Now she really was angry. Her anger was no longer an act. She felt like pushing him over, but she didn’t. She said, “My invitation to you was not a pity invitation! Don’t insult either of us by ever assuming that it was. That belittles us both, and it only goes t o prove that my previous statement was true: we aren’t the friends I thought we were.”

She suddenly felt incredible sadness. He stood up, said, “Think whatever you want,” and shut her car door.

He walked away, and she drove away and both assumed that was that.

However, that wasn’t that.

Two days later, Hermione found that she was all alone on Christmas Eve, and she suddenly decided she hated Christmas. She felt horrible for telling Draco he wasn’t her friend, her mother wasn’t home because she had to go to Hospital to tend to a teenager who had a car accident and needed reconstructive surgery, including dental surgery, and Harry and Ron were spending Christmas at the Burrow, and she didn’t want to impede on their holiday.

She was alone on Christmas Eve. Draco was alone on Christmas Eve. Moreover, if she had just been truthful with him (which was the very thing she accused him of not being), and had told him that she really wanted to spend the holiday with him, neither of them would be alone. She mucked up everything.

What's more, she knew that she was now completely in love with Draco. She had long since viewed him as more than a friend. Every time she wanted to tell him, she chickened out. Sometimes he seemed so distant and remote, and sometimes she felt as if he was her best friend in the world, and she didn’t want to mess things up.

Besides, he couldn’t love her in return. She knew that deep in her heart.

They had been friends for a year and a half now, and he was never anything but friendly toward her. She had to accept that and move on.

That didn’t mean she had to be happy about it. She grabbed a whole fruitcake, a glass of milk, a fork, and went to the den. She sat in her dad’s old chair and turned on the telly, to an old holiday movie. She said, “Happy Christmas, everyone,” and took a big bite of fruitcake.

There was a knock on the door. She wasn’t certain she wanted to answer it. She didn’t usually answer the door when she was alone. It was one of her little phobias. She went to the front door and looked out the side window. It was Draco.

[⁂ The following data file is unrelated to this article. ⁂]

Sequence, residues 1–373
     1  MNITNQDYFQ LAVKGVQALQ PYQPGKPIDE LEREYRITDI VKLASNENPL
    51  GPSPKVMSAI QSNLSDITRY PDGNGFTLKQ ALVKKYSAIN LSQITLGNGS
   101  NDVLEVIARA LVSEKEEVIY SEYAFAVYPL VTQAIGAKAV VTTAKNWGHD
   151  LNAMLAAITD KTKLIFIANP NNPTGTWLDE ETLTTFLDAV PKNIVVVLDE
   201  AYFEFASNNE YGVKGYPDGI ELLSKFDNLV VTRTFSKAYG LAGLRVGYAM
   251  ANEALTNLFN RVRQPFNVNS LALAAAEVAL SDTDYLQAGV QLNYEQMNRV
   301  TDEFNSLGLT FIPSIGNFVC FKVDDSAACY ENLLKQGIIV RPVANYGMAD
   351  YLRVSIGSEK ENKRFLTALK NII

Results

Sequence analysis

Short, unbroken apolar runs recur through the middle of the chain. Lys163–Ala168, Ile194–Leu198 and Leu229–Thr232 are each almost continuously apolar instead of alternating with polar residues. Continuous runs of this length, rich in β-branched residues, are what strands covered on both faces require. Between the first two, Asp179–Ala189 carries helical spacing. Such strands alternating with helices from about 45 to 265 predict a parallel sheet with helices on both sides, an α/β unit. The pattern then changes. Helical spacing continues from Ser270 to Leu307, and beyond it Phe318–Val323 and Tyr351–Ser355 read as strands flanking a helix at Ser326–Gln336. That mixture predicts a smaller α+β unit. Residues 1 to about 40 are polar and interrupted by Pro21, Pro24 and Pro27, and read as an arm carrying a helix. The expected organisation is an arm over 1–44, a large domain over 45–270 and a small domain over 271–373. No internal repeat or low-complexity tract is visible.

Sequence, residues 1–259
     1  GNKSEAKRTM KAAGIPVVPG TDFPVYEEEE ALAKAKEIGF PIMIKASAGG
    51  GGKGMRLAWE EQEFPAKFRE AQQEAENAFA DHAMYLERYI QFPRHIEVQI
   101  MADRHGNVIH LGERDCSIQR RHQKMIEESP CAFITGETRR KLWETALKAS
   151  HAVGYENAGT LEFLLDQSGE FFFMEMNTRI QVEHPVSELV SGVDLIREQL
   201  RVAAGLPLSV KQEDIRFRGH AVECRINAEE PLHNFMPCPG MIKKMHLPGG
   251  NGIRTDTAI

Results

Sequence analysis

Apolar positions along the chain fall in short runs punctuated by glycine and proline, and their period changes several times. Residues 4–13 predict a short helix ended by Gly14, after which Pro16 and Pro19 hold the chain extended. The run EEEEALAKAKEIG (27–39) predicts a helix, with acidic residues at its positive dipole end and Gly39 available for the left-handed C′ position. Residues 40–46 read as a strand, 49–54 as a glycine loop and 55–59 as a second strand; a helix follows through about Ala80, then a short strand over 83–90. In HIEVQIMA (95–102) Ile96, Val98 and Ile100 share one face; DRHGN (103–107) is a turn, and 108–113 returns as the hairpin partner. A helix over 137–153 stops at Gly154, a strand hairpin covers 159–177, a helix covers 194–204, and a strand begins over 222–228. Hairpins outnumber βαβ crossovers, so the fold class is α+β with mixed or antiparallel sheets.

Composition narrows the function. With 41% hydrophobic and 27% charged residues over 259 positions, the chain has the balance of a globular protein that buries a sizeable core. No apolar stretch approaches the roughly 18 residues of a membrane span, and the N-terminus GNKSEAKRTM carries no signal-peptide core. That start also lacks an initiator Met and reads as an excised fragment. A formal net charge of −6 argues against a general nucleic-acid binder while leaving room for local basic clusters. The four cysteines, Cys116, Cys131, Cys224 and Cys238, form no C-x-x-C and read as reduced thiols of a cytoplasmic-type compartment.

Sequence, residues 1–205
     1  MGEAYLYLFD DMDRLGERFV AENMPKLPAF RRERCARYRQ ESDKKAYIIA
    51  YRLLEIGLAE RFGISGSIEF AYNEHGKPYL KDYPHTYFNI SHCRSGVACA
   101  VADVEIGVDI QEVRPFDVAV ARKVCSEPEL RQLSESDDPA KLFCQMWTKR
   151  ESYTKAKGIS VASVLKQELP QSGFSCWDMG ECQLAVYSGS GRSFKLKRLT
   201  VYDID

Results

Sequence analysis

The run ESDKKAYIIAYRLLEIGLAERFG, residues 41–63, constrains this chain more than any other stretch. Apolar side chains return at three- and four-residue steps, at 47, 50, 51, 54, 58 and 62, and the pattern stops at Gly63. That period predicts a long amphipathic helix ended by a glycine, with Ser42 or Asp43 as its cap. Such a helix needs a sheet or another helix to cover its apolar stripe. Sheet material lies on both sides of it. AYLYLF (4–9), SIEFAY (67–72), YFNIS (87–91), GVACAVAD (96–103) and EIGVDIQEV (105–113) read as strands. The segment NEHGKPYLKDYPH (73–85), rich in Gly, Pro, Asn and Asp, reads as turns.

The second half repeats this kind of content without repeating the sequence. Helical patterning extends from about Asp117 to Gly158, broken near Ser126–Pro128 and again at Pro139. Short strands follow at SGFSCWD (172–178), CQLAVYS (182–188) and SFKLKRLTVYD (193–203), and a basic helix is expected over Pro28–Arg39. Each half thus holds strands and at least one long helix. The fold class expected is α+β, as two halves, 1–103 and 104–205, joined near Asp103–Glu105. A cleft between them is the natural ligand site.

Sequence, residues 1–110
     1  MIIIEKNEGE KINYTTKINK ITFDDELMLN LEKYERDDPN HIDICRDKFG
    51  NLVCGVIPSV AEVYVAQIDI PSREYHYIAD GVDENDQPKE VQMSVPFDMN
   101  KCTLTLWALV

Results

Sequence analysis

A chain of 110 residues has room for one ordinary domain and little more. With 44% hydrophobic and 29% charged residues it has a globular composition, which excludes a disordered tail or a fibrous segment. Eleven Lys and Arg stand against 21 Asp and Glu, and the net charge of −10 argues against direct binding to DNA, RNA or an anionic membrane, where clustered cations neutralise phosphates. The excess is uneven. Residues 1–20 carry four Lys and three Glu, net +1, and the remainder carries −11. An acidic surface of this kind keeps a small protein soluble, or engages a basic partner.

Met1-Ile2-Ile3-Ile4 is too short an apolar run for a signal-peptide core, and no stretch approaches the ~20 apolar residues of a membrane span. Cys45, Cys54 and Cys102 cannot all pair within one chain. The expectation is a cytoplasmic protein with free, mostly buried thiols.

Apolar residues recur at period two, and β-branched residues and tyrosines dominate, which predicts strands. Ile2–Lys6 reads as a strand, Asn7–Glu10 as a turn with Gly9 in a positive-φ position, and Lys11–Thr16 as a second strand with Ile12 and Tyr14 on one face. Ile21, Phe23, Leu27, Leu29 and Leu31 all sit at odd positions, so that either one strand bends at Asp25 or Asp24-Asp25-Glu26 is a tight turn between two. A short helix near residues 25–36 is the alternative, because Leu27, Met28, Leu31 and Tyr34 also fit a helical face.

She threw open the door and jumped into his arms, throwing one arm around his neck, the other hand still holding the fruitcake. He gladly accepted her embrace, by throwing his arms around her waist and picking her up from the ground.

“Whoa, Granger,” he said. He placed her back down on the ground. He looked at the front of his coat and said, “What’s all over my coat?”

“I forgot I had a fruitcake in my hand. Sorry.” She began to pick pieces of gooey fruitcake off his jacket.

“What the hell is a fruitcake?” he asked.

“No one really knows so never mind. What are you doing here?” she asked.

“It’s Christmas, and forgive me if I’m wrong, but I’m sure I was invited.” He walked in the door. She ran to the kitchen to deposit the fruitcake. He looked around. There was a bright tree in the window of the front room. He could hear the sounds of a television from another room. The thing that struck him as strange, however, was that besides himself, she seemed to be alone, and on Christmas Eve.

Later, they were sitting on the floor of the living room, the only light coming from the fireplace and the tree lights. They were laughing, having spirits, and reminiscing about their best and worst Christmas presents.

“Well, that doesn’t seem too bad,” she said.

“I’m sorry, Granger, but when you’re nine years old, and you want a new broom from your great aunt and you get a copy of Hogwarts a History instead, you’re a bit disappointed. I know in Grangerland, Hogwarts a History would be your little wet dream, but for me, I was devastated.”

“Watch your mouth,” she said.

“Sorry, replace ‘wet dream’ with the phrase, ‘ideal present’,” he laughed.

“I meant, don’t ever say disparaging remarks about Hogwarts a History,” she said back.

He laughed. “What’s your worst present?” he asked.

Just then, the phone rang. She put down her cup of ‘Christmas Cheer’ and went to get it without answering his question. She came back in the living room with a frown on her face. “I think my worst Christmas present just came to pass, because my mum is still in surgery, and will have to stay until morning.”

“I’m sorry,” he said.

“I’m glad you came,” she said softly.

Standing in front of the tree, with the red, green and gold lights illuminating her from behind, and the gentle glow of the wood fire highlighting her from the side, he had one thought and one thought only. She was so lovely. He held out his hand. She continued to frown as she placed her hand in his. He pulled her down to the floor, where his back was against the front of the sofa. She started to sit beside him, but he steered her so she was sitting in front of him.

She leaned against his chest, and he placed his arms around her. She leaned her head against his shoulder, to look up in his eyes. “I hate being alone.”

“I do, too,” he said.

“No, I mean, I really do. I can’t tell you what it means to me that you’re here,” she said. She turned to look at the roaring fire. Even though it was warm in front of the flames, she shivered.